Living in a house full of boys, we are a very active sporting family – boys don’t know how to sit! We are a fanatical Gaelic football family and travel to most of our county’s games. In my day I played myself and now I help coach the underage girls teams. When the twins were born I had dreams and visions of all 6 boys playing together on the one local team but that was all dashed with their diagnosis until last week where we have got 100% support from our local club to involve the twins- happy days! I think this is very important for them to be included in community activities as they don’t attend the local school and it gives other children a chance to get to know them.
Luke and Zach attend a special school about a 40 minute drive away, to me a little ironic that the school is called “Little Angels”. They started there when they were 4 and after the first year myself and the principal decided it was best to separate them as it was a case of “double trouble” with Luke leading Zach astray.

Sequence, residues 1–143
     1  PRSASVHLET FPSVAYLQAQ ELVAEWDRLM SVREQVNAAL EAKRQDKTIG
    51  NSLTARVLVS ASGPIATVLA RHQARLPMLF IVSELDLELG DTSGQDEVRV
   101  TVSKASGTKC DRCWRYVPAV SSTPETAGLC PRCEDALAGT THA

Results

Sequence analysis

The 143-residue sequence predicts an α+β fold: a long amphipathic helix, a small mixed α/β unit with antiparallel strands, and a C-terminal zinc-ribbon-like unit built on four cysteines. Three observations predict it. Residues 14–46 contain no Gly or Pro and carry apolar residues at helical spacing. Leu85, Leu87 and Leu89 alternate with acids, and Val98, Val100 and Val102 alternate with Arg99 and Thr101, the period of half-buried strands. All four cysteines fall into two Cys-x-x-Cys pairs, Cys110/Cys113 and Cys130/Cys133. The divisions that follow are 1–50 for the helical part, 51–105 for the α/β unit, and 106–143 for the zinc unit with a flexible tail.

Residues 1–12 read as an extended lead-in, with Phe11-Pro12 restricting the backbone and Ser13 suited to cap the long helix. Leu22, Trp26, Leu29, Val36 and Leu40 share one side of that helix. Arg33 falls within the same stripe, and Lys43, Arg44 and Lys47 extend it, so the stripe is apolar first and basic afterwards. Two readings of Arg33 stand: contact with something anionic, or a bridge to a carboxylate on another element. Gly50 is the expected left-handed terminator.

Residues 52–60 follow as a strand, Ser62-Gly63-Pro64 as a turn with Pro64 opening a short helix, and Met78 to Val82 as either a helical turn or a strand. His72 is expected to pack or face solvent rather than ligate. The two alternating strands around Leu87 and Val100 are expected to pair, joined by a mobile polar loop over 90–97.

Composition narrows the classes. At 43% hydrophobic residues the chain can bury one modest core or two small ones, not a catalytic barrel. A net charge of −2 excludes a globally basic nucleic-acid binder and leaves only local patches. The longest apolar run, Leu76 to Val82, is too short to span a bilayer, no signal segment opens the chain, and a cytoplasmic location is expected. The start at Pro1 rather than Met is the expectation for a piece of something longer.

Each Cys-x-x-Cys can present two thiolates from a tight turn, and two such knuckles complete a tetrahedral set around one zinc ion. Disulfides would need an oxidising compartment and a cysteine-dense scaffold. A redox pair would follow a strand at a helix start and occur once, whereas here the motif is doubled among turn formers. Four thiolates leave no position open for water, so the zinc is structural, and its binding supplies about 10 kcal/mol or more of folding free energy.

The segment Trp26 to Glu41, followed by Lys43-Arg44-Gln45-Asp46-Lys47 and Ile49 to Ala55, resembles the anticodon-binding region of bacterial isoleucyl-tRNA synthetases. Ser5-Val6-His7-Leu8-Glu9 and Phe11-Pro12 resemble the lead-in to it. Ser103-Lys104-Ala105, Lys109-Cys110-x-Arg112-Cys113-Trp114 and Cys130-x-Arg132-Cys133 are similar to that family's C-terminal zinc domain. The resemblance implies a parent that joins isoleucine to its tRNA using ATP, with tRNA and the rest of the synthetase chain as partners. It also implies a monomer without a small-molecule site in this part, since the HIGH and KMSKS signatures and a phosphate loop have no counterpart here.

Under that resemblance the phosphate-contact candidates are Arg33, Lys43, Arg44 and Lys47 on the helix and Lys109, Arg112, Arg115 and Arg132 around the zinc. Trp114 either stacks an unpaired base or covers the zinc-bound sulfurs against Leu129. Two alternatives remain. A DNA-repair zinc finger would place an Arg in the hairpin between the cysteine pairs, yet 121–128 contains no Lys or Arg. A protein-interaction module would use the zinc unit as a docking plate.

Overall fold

They are now each in a class of 6 children with two SNA’s in each class. Zach is streets ahead of Luke at school and I firmly believe it’s all down to seizure activity. We battled to get Luke’s seizures under control while Zach has only ever had drop seizures twice. Luke has now been seizure free since May ’14 and he’s coming on leaps and bounds.
In Ireland SLT/ OT/ and physio are free and they receive all these therapies during school. The boys have a few hand signs and I started them on P2go on their iPads last year without the support of their teachers and SLT. I feel the SLT is way behind here in Ireland, and I am still fighting them on the boys capabilities. Last year I had the pleasure of attending one of Mary-Louise Bertram’s workshops here in Ireland and Zach’s teacher attended also and afterwards she was converted!
Luke and Zach are very close but can still fight the bit out like any typical siblings. Any time we are in the car they hold hands and when they are outside in the garden one always follows the other with the leader role always switching off. They will not share anything except with each other and swap everything dinner included, and Zach being Zach always fairs off better. Call me mad but I do believe they are telepathic and have night vision!
The boys amaze us every day reaching different milestones as they teach us that the smallest things in life are the things that count the most.
Lá Fhéile Pádraig shona daoibh go léir –
Happy St. Patrick’s day to you all from the Cullen Family (Ireland)